ColdFusion 9/10 Query Caching with Ehcache – Part 1

I’ve been spending a lot of time trying to figure out where I can improve the overall speed of web pages and websites in general and it’s come to my attention, that a lot of ColdFusion developers have not worked with some of the new caching capabilities available to us. I believe most of the reason is that their company is still on ColdFusion 8 and hasn’t found a reason or has the capital to upgrade to at least CF9, let alone CF10.

Whether you’re preparing yourself for when you’re working with at least CF9 or maybe you need a quick refresher on some syntax, I’m going to provide a small example that can be used in a number of applications.

For the first part of these blog posts, we’re going to take a look at how to store a query object in Ehcache with ColdFusion 9.

There are three functions in particular you should remember; cacheGet(), cachePut() and cacheRemove(). They’re used exactly how they’re named and their purpose is for accessing the Ehcache layer.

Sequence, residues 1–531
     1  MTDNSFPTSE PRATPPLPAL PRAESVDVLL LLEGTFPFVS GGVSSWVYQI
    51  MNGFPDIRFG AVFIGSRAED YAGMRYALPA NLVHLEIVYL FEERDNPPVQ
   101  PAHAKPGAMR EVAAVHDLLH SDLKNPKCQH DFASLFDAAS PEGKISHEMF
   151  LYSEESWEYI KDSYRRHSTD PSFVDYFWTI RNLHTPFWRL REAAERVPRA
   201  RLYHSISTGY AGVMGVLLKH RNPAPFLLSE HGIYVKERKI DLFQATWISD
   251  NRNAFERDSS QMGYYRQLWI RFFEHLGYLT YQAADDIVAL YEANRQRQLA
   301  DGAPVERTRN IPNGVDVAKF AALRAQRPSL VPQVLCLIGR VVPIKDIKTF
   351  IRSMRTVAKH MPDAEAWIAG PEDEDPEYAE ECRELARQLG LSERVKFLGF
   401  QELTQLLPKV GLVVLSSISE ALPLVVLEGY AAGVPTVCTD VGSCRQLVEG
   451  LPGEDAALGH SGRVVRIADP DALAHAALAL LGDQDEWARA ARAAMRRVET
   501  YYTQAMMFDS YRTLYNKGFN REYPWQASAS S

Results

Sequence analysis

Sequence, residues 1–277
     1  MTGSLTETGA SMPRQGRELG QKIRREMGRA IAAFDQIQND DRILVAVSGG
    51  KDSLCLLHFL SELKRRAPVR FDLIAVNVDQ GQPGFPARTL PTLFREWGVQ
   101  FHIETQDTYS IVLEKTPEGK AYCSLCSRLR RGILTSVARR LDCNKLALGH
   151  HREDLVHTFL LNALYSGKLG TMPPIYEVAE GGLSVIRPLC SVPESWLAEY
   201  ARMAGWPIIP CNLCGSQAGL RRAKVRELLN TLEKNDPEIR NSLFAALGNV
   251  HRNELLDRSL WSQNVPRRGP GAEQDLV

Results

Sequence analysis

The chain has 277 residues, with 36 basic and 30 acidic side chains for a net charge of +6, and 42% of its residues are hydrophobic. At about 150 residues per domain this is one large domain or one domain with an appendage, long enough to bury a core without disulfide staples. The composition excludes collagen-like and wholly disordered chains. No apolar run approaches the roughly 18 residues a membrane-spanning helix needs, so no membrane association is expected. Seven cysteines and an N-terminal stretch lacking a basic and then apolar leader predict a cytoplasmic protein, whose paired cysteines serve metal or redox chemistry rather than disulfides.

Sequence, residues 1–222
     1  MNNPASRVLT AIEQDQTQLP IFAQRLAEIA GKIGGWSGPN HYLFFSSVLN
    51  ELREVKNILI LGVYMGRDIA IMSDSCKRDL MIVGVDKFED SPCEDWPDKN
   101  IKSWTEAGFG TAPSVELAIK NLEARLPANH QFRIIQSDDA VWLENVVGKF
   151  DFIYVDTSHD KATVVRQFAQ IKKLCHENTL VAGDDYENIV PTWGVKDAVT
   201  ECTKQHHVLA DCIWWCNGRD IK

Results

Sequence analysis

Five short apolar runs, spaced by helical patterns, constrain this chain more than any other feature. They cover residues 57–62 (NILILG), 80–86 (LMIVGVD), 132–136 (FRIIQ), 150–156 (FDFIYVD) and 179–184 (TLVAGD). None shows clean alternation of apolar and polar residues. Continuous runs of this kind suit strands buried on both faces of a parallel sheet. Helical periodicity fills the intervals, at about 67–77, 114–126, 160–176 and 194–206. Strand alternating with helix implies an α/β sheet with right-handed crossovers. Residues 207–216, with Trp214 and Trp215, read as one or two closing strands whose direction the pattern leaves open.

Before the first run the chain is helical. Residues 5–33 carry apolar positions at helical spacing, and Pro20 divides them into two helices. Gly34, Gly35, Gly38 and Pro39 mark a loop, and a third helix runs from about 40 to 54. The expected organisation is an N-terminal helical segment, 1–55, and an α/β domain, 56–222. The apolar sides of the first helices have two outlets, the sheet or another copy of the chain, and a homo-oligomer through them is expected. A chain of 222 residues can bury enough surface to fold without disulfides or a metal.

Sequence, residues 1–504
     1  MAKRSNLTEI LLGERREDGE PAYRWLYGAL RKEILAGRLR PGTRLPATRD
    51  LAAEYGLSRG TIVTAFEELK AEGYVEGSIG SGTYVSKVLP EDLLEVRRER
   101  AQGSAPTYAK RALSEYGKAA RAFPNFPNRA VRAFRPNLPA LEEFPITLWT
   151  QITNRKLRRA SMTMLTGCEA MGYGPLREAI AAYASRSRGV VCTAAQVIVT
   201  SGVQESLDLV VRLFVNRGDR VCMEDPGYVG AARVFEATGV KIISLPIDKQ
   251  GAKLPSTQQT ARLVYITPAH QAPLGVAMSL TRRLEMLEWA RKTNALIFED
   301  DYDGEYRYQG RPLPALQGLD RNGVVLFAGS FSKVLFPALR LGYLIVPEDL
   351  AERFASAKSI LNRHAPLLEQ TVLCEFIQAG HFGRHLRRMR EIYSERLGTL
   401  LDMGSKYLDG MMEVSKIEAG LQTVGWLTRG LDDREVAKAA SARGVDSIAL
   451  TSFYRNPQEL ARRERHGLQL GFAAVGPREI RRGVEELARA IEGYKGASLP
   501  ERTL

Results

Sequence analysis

SELECT first_name,last_name,email,zip
        FROM member
        LIMIT 30


You should see something like this:

coldfusion 9 ehcache example

When you refresh the page, you should see the exact same thing, only with a different message:

coldfusion 9 ehcache example number 2

Now there’s going to be times when you need to clear the cache, and that can be easily done by calling cacheRemove(). In this example, I’m just checking for a url variable and and then calling the function so we can requery the data and then recache the new query object.

Let’s take a look at a small piece of code we can add to refresh the cache object:


Now if we put it all together, we’ve got:


        SELECT first_name,last_name,email,zip
        FROM member
        LIMIT 15


Just a couple of notes to end the post:

  1. Caching isn’t meant for everything, you should first figure out if the application would benefit from it in the first place.
  2. You can easily use to clear the specific cache on multiple servers, so don’t be afraid of caching dynamic pages throughout multiple servers.
  3. You’re not going to run out of caching memory, but always refer to the first note.
  4. Fact: The faster the website, the greater the conversion rate.

I’m not going to throw up a demo because there’s really nothing to look at, but I’ll provide the code with the database dump of a large sample table for you to do some testing with.

Leave a Reply

Your email address will not be published. Required fields are marked *